Now is the time to create a sustainable marijuana system

December 3, 2014

Washington was the first state to license outdoor marijuana cultivation. This is a huge opportunity for our state. It’s our chance to create a system that is environmentally friendly, carbon neutral, sustainable, and profitable.

 

Marijuana is quickly becoming a measurable part of Washington’s agricultural mix. And we think both the industry and the state would benefit from following the principles of organic farming and “slow money” economics, which support small organic farms and the larger local food movement as a whole. In a series of blog posts we explore the benefits creating a sustainable, organically grown, environmentally responsible marijuana system including:

 

Creating entrepreneurs.

Small-scale marijuana farms are small businesses that put local people to work in a booming industry. And with recreational marijuana forecasted to bring in about $636 million to state coffers by the middle of 2019, this is an industry on the move.

 

Conserve resources, protect the environment.

Sungrown marijuana uses significantly less energy than indoor grows dependent upon electricity-hogging artificial light. It also uses locally-sourced water. Plus, the farms are beautiful!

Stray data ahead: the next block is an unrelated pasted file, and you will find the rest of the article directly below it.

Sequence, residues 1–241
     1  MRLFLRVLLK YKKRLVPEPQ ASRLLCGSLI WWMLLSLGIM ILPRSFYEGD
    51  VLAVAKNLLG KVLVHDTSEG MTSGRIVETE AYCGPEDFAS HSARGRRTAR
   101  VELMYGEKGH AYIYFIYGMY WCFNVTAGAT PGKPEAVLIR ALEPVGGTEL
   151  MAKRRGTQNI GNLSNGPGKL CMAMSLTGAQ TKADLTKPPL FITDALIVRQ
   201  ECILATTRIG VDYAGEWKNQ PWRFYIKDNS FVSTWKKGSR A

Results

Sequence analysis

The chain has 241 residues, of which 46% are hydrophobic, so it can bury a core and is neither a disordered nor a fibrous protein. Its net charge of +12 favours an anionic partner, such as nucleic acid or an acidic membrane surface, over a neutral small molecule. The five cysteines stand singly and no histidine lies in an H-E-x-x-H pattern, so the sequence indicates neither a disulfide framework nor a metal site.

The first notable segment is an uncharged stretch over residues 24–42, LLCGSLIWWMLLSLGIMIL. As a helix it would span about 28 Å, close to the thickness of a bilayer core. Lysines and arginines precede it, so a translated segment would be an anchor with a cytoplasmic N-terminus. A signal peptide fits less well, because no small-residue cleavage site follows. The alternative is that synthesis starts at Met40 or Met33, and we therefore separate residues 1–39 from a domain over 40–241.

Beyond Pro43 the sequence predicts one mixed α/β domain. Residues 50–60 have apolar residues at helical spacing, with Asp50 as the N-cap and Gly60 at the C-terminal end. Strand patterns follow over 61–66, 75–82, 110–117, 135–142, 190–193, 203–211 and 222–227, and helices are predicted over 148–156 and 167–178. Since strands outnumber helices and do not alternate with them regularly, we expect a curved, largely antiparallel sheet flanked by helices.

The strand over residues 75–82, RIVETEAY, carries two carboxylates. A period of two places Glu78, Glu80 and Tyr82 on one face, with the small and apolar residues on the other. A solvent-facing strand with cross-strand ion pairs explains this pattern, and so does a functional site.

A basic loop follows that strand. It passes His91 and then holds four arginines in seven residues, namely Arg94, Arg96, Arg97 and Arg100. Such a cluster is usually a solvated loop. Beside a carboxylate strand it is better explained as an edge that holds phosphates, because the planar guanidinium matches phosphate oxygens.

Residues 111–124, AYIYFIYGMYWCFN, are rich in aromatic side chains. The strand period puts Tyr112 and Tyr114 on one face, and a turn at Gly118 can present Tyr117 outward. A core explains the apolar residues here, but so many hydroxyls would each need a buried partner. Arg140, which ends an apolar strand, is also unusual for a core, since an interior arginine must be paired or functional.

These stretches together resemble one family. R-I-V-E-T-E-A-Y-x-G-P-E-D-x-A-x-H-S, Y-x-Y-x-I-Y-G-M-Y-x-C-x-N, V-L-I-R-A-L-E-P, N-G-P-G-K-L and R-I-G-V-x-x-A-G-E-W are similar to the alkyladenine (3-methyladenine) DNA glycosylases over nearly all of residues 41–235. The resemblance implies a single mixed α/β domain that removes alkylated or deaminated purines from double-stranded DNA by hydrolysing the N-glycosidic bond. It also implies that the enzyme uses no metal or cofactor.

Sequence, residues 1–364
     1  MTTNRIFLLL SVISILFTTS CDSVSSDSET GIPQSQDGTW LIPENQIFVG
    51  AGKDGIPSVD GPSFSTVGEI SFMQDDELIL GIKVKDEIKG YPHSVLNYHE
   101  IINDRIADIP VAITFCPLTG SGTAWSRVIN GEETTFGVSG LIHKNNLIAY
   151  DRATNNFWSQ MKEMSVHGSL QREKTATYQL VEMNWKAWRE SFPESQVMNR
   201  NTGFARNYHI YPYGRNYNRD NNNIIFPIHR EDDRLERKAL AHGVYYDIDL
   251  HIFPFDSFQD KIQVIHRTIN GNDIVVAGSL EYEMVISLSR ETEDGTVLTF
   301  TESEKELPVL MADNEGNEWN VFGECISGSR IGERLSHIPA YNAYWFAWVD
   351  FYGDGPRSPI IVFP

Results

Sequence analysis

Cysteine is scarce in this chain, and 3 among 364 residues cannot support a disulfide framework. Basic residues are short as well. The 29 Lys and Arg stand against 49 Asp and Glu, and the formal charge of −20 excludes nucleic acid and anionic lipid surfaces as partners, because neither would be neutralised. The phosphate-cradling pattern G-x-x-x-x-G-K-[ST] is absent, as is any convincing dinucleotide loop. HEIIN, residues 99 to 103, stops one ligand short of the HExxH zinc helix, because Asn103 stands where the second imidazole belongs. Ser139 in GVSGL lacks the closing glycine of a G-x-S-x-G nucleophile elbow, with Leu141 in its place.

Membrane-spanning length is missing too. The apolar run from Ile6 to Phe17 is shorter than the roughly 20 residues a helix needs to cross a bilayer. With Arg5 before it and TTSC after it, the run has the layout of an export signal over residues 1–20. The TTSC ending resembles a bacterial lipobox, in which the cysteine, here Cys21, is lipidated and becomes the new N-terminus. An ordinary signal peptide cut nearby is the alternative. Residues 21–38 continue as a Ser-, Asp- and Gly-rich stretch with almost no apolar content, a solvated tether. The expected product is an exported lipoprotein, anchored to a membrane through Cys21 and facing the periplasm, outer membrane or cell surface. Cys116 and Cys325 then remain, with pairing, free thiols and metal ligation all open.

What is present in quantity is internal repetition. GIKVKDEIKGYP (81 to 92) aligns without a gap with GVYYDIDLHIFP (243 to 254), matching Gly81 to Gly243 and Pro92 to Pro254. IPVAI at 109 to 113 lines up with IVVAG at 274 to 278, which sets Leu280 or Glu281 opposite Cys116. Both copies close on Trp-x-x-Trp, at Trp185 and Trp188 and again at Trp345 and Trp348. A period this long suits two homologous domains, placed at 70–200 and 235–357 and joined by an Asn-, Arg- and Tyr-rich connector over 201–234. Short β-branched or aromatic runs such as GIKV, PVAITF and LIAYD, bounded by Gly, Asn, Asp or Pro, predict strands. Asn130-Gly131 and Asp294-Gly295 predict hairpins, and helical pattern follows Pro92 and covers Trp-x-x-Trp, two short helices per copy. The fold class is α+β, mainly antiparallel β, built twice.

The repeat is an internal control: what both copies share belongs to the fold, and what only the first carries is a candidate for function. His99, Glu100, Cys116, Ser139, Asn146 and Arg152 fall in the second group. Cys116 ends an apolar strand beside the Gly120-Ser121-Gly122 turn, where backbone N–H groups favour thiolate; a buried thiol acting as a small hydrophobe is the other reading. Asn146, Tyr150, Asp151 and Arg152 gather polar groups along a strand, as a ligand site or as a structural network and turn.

Promote agricultural tourism.

And speaking of beauty, farm tours could help bring in extra revenue for marijuana farms. Eastern Washington already hosts many wine and beer tasting tours, so why not cannabis tours? Let people see marijuana grown under the sun in an organic, sustainable way while enjoying the surroundings and other accommodations. Eastern Washington, especially the NE corner where Mountain High Organic is located, is ideal for this sort of tourism.

 

Eliminate the black market.

Since sungrown marijuana uses so much less energy, it keeps costs low as compared to indoor grows. This lower price point would help achieve the goal of completely legitimizing the industry and undercutting the black market to the point of irrelevancy.

 

Create organic certification for marijuana.

Currently, outdoor marijuana farmers, or “sungrowers,” are marginalized. Many policies enacted after the passage of I-502 give the advantage to indoor growing operations, most of them located on the west side of the state. The Washington Sungrowers Industry Association was created in part to combat this bias. Check out their site and get involved.

 

It’s rare to be present at the birth of a brand new industry, and we have a responsibility to do this the right way – not only for our state but for all future states that choose to legalize. Let’s chart a better way forward. Let’s get marijuana out in the sunshine where it belongs.

 

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